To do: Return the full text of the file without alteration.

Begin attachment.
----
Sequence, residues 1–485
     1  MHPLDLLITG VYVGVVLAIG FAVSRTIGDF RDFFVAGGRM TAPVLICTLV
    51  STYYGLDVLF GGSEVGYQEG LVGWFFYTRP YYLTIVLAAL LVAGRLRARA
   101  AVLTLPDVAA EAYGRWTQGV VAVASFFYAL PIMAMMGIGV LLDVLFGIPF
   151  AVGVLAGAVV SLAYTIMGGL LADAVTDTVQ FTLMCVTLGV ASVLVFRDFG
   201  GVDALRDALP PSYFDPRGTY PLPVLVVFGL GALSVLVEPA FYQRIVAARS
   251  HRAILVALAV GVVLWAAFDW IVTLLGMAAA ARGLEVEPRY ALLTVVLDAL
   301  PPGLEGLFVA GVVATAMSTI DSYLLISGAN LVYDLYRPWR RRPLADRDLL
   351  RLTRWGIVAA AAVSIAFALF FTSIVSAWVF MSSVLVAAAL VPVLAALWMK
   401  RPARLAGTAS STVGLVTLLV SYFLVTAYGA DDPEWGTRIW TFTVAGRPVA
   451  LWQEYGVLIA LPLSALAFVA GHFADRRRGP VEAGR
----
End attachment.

Sequence, residues 1–485
     1  MHPLDLLITG VYVGVVLAIG FAVSRTIGDF RDFFVAGGRM TAPVLICTLV
    51  STYYGLDVLF GGSEVGYQEG LVGWFFYTRP YYLTIVLAAL LVAGRLRARA
   101  AVLTLPDVAA EAYGRWTQGV VAVASFFYAL PIMAMMGIGV LLDVLFGIPF
   151  AVGVLAGAVV SLAYTIMGGL LADAVTDTVQ FTLMCVTLGV ASVLVFRDFG
   201  GVDALRDALP PSYFDPRGTY PLPVLVVFGL GALSVLVEPA FYQRIVAARS
   251  HRAILVALAV GVVLWAAFDW IVTLLGMAAA ARGLEVEPRY ALLTVVLDAL
   301  PPGLEGLFVA GVVATAMSTI DSYLLISGAN LVYDLYRPWR RRPLADRDLL
   351  RLTRWGIVAA AAVSIAFALF FTSIVSAWVF MSSVLVAAAL VPVLAALWMK
   401  RPARLAGTAS STVGLVTLLV SYFLVTAYGA DDPEWGTRIW TFTVAGRPVA
   451  LWQEYGVLIA LPLSALAFVA GHFADRRRGP VEAGR